This leggy wooden lighthouse is the only active lighthouse in Burnham-on-Sea, England. As such, the unusual stilted structure is both a beloved local landmark and a much-needed beacon.
The Burnham-on-Sea Low Lighthouse was constructed in 1832 by Joseph Nelson to guide ships through the Bristol Channel. The waterway, with its rapidly shifting sands, mudflats, and large tidal range, was notoriously tricky for sailors to navigate.
The stilted lighthouse was built to replace an earlier version, which was found to have too low of a vantage point. It remained in service up until 1969, when the council opted to use the nearby High Lighthouse instead. But after three decades of inactivity, the Low Lighthouse was once again put to use in 1993, after the High Lighthouse was sold and discontinued.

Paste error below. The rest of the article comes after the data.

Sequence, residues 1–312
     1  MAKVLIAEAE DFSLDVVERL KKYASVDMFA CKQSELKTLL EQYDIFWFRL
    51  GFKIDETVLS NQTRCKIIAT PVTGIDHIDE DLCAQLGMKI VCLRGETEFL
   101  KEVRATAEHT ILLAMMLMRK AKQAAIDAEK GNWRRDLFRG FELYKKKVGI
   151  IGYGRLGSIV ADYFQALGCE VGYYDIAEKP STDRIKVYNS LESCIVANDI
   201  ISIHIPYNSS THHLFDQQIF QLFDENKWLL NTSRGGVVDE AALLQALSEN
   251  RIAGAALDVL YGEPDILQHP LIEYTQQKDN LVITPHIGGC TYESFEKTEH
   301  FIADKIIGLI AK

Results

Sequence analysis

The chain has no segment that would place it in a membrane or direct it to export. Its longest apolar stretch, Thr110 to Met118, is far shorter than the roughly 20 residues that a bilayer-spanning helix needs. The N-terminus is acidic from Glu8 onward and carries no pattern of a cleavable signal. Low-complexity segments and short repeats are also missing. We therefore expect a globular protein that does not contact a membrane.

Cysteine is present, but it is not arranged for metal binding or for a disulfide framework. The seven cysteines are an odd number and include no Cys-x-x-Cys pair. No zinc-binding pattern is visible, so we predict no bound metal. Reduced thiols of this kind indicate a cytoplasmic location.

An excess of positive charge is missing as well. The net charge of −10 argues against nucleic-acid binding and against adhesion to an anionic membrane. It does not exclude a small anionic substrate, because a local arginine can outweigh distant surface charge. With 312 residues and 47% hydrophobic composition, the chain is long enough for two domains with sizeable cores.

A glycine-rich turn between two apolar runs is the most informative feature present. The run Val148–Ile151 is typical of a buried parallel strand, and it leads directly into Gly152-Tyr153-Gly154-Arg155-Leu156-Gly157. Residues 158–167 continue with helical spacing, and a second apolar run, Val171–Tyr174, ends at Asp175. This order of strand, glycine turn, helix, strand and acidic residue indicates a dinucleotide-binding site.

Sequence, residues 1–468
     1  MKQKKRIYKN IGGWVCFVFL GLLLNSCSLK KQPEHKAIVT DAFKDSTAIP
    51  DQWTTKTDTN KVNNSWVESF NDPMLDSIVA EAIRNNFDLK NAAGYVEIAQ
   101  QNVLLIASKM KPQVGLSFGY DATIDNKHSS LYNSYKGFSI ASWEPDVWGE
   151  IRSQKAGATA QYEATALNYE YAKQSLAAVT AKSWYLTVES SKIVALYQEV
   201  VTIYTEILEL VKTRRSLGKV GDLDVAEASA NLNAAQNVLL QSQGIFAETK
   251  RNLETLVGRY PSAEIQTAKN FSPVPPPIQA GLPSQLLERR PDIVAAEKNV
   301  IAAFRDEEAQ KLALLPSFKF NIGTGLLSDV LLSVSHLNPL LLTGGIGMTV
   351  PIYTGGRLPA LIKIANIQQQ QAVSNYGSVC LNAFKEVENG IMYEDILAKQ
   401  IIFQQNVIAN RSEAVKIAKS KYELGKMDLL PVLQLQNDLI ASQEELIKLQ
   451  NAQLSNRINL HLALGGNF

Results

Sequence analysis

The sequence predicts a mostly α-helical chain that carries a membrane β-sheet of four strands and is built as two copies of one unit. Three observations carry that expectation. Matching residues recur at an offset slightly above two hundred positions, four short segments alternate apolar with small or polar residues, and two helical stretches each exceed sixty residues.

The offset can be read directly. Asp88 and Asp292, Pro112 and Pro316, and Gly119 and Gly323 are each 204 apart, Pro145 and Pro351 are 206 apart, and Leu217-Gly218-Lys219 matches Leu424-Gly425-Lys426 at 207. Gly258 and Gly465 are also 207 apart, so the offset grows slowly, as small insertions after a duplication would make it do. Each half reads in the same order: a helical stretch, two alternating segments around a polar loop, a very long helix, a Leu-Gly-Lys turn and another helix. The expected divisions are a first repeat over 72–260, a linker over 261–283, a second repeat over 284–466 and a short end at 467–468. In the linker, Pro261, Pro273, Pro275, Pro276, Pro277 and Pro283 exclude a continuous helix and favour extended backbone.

Now, the lighthouse does more than guide ships through the channel’s wayward waters. It’s also a beacon for beach walkers, too. At low tide, locals and tourists alike like to stretch their legs and walk across the sand to visit the charming structure up close.
Know Before You Go
The lighthouse is right on the town's main beach. From the pier, it's about a 10-15-minute walk to the lighthouse. The lighthouse looks especially picturesque at sunset.